In my opinion, they should select works strongly connected with their own personality and peculiar characteristics; something they really love and with which they identify. How many times we heard players totally disconnected from the repertoire chosen? People without any sparkling character playing brilliant Giuliani’s Rossinianas or players superficial playing very dramatic pieces like the Ciaccona or Nocturnal?

 

After many years studying, I think an interpreter should imagine, before playing a new piece, what he/she is feeling inside it. Singing is always an important part of learning process and being able to play every single part of the pieces as a solo line, with intensity, in every weaving, with different fingerings, whith an orchestral version in his/her mind, never forgetting how poetic and sensual the guitar is. A research around the composer, piece, form, style, period is also absolutely important.

 

I like them understanding the responsibility we all guitarists have on stage for the future of the music and guitar. I want them to be far from mentality, that guitarists must entertain. People need to be touched by music. They go to concerts to be deeply moved, looking for some touching experience. Doesn’t matter how difficult the language of the music is. What is important is the dramaturgy and intensity the player is able to create for them. For a normal public, it's not difficult to listen to a concert with Schostakovich Violin Concerto or Prokofiev Piano Sonatas or with Ligeti's works. How beautifyul or heavy the experience can be, depends only on the abilities of musicians. This is one of the cultural aspects I’m missing the most in the actual scene of guitar and from this side, the guitar festivals don't help.

 

Last but not least, I'm always suggesting to have, besides the solo repertoire, a set of chamber music projects with other instruments, to me, the only possibility for guitar to enter the real musical scene again.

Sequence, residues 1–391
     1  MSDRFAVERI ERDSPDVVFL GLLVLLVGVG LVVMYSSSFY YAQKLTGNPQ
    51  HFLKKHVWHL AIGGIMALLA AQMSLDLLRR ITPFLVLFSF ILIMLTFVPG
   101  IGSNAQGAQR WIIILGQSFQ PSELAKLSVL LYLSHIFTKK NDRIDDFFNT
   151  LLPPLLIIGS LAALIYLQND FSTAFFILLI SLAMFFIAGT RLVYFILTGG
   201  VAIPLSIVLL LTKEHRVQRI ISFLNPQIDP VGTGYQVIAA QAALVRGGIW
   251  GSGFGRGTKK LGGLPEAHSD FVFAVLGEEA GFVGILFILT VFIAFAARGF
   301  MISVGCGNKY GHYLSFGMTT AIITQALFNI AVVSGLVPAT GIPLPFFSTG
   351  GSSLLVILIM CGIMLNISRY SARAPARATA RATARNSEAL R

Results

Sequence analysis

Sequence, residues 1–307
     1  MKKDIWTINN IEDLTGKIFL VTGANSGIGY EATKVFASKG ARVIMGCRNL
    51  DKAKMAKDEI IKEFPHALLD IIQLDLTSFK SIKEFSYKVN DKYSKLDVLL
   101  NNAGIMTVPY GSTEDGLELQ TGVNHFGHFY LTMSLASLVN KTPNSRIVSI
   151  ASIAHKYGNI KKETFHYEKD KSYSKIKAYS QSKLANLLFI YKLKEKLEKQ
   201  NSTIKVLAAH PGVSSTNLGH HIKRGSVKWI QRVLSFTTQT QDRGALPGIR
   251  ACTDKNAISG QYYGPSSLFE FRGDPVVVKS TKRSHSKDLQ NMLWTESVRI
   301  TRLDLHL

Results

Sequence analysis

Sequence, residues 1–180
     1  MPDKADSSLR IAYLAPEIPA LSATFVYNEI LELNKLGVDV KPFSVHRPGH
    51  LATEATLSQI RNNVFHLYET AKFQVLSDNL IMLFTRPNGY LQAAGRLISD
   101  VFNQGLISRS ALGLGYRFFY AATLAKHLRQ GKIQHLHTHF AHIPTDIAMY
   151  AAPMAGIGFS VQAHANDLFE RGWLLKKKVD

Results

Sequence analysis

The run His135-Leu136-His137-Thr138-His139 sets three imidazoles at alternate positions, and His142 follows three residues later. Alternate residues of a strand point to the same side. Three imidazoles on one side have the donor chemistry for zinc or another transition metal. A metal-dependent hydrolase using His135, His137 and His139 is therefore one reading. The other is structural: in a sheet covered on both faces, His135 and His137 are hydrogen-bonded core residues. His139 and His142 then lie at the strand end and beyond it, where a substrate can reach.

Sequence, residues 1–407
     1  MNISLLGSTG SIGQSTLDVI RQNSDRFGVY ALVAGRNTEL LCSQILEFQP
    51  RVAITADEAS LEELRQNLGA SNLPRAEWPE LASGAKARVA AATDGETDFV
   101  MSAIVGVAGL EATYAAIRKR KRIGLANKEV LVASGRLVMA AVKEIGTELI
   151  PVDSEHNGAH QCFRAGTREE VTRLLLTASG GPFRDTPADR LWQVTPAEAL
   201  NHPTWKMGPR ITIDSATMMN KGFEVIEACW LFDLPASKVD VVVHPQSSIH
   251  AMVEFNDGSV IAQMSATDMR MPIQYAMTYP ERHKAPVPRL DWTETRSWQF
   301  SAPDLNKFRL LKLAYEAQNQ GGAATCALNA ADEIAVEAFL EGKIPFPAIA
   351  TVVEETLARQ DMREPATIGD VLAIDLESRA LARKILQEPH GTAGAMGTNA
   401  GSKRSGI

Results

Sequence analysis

In the previous edition of our magazine Gabriel Bianco mentioned some of the most common mistakes done by students: lack of long term practise plan - not focusing on all aspects of performance, and lack of deep understanding of musical context and meaning of gestures intended to create a certain effect. Could you point out some features which young guitarists tend to leave out?

 

I totally agree with Gabriel. Unfortunately, I haven’t read the interview but I’ll add that many times, I perceive students are more educated to do than to feel and understand what they are playing and this is a big lack I think.

 

Thanks to Segovia Guitar Academy in Pordenone, students from all over the world can attend classes with you. Besides guitar lessons, SGA organizes Segovia Guitar Week, which was a bit longer than a week this year - it started on 30th May and lasted till 27th June! Was it your idea to start such initiative as SGA? If yes, what were your motivations to do so?

 

Before the SGA and SGW, I organized the Tarrega Guitar Academy for 18 years and the Pordenone Guitar Festival in my town. We, as a guitar team, decided to leve this long journey in 2014 for different reasons, founding the new school. Two years ago I decided to leave my role as an artistic director of the Segovia Guitar Week working only at the SGA.

I begin with the idea that it’s not possible to know and understand everything. I feel that our pupils should be in contact with the experiences of people who have done specific studies in particular areas. For example, in the past years we have organized seminars on the Baroque period with Betho Davezac, Carlo Marchione and Eduardo Fernandez, in which various problems related to the diversity between the Italian and the French styles were examined: the articulation and phrasing of that period, the dances of the time (with the possibility of listening to performances of great interpreters), rhetorical and semantic aspects in Bach, the Ciaccona (and the interesting analysis made by the musicologist Helga Thoene). And this only for the Baroque. In studying the nineteenth century we were fortunate to have Pavel Steidl or the duo Maccari-Pugliese while for the twentieth century Angelo Gilardino, Tilmann Hoppstock, Lorenzo Micheli, Pablo Marquez. For all of us, teachers and students, these experiences bring continual enrichment, and offer the possibility of broadening our knowledge. In the past twenty-five years we have invited more than ninety colleagues, and each one of them put their personal knowledge at our service with great professionalism and generosity.

During the everyday life of a musician, teaching, practising, travelling… Where do you find (and what is) your source of inspiration?

 

Movies, books, listening to music, a walk in the woods, on the beach or in the country, good food, good wines, enjoying life with the family at home or with trips is always very inspiring. The joy we can express to music, playing and teaching, is very connected with the experiences we live!